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inductive evidence by that drawn from analogy, we suspect he is only at the beginning of his task, for he has not yet advanced a single argument of this kind which is able to stand on its own foundation, much less fitted to be employed to beat down the arguments of others. Indeed he never attempts to combat the principles of phrenology, but merely magnifies the difficulties of putting them in practice; and in this he acts wisely, for it is only thus that the real feebleness of his reasoning has any chance of escaping detection. With all his caution, however, he is not altogether safe. To prove that one organ may perform all the operations of the mind, he argues thus: “ Does not the same “ stomach digest very different and even opposite kinds of “ aliments ? yet we do not find that one portion of that

organ is destined for the digestion of meat, and another “ for that of vegetables." Very true; but the function is the same in all, the subject only is different. Digesting is no more than digesting, whether it be performed on turtle or roast beef, animal food or vegetable. In like manner, no phrenologist ever asserted that one part of the organ of causality reasoned in political economy, another in metaphysics, and a third in medicine; or that one portion of the organ of tune was destined to produce soft and plaintive notes, and another bold and warlike music. We only maintain, that as the stomach cannot secrete bile, nor perform the office of kidneys, neither can the organ of causality produce a relish for music, nor that of tune a talent for logical reasoning. We have never said that causality cannot be exercised on all sorts of subjects, sacred or profane, important or trifling; but we have said, that no change of subject will ever change its specific function of reasoning, any more than any change of diet will change that of the stomach from digestion to the secretion of bile.

Dr Roget states, as strong analogical arguments against a plurality of mental organs, that “ nerves perform the double “ office of volition and sensation; but no anatomist has yet “ separated the different bundles of fibres which convey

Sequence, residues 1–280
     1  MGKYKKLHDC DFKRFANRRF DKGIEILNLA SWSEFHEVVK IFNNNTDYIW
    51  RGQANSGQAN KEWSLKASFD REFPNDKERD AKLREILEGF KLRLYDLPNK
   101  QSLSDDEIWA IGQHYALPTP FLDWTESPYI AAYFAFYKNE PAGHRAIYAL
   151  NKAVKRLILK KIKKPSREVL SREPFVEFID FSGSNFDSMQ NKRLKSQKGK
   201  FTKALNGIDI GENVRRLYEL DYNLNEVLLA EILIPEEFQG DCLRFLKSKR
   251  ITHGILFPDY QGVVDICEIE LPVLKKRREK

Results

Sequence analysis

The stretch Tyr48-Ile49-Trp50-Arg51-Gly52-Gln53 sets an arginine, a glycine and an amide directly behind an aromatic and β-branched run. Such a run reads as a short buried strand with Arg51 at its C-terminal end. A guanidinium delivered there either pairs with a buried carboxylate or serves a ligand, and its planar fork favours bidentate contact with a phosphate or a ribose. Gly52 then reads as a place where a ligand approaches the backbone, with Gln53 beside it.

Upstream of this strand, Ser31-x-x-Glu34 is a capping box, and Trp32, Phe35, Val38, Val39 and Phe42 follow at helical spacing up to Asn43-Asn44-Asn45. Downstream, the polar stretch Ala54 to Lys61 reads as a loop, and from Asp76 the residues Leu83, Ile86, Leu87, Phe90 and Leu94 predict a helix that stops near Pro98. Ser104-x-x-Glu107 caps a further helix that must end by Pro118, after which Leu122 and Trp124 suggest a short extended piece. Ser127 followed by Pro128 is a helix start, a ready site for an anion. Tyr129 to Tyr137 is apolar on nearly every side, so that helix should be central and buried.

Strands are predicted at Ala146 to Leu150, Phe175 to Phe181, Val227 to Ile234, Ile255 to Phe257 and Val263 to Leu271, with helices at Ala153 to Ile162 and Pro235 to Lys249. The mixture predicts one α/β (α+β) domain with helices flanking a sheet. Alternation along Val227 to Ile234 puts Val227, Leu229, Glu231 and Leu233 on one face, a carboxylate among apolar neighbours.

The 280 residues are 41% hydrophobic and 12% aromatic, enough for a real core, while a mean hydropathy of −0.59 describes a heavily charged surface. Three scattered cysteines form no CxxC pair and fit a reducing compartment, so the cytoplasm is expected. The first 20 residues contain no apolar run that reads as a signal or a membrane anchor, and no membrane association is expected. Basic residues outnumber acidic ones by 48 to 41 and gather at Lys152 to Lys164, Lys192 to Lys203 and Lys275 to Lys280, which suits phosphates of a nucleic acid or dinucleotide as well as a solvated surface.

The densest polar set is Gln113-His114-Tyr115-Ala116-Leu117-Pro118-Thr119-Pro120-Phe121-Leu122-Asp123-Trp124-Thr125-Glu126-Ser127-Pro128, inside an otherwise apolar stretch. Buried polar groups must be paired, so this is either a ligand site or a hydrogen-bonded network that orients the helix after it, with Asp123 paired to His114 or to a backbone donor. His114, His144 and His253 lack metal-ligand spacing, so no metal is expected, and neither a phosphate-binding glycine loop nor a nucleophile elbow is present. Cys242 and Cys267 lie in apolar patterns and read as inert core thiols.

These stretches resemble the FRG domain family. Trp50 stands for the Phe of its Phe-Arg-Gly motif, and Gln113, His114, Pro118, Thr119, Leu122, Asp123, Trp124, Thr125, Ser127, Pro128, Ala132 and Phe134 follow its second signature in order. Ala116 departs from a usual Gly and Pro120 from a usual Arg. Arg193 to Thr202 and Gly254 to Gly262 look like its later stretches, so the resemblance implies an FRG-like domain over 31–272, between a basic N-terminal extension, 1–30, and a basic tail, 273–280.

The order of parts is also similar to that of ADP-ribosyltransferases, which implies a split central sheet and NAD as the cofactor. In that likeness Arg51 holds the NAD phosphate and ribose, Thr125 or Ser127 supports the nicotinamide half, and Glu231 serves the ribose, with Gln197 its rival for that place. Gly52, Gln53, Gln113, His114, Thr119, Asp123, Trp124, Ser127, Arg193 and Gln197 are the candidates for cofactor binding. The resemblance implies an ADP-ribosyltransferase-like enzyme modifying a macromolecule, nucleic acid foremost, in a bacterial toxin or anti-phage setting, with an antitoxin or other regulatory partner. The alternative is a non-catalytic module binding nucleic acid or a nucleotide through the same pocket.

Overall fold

" each impression;" and that “the same organ serves for “ the hearing of acute and of grave sounds,” and “ the " whole 'retina, and not merely different portions of its sur“ face, receives the impression of different kinds of colour : “there is not one organ for the perception of blue, and an“ other for the perception of red rays." “ Guided by such

analogies as these,” says he, “ might we not be equally

justified in concluding that the same part of the brain may “serve for the memory of words and for the memory of “ things, and that the same portion of that organ which “ enables us to conceive the idea of figure may also suggest " to us that of size ?"

The first of these analogies is the only one that, if sound, would be applicable, because in it alone there is a real difference of function, or a manifestation of two distinct powers, volition and sensation. But, unfortunately for Dr Roget, it has been demonstrated since he wrote, that for each of these functions there is a different bundle of fibres, although they are enclosed in a common sheath, and seem to constitute only a single nerve. This analogy therefore falls completely to the ground as an argument against phreno logy. Nay, it becomes a powerful support of its doctrines. Many years ago, Dr Spurzheim and some other physiologists inferred, from the fact of motion remaining in some cases where feeling was lost, and vice versa, that the nerve must really be double. Now, with this fact before us, when we observe that the memory of things frequently remains after that of words is lost, and vice versa, as in Mr Hood's and Dr Gregory's cases, mentioned in the Phrenological Transactions, does not the inference naturally follow, that there must be a distinct organ for each of these kinds of mental manifestations ? We refer our readers for particulars to an article in our last Number on the functions of the nerves.

The second and third analogies evidently arise from Dr Roget confounding a modification of the same function with two distinct functions. Hearing acute and hearing grave sounds amount to nothing more than hearing sounds.

Again, the perception of blue and that of red colours are nothing more than perception of colours. We maintain that there is one organ for hearing sounds of every kind, and another for perceiving colours of every hue, but not that one organ perceives one colour, and another another; so that the Doctor's analogy again totally fails him. We are only surprised that he never stumbled upon this plain fact in any of Dr Spurzheim's works, where it is repeatedly mentioned.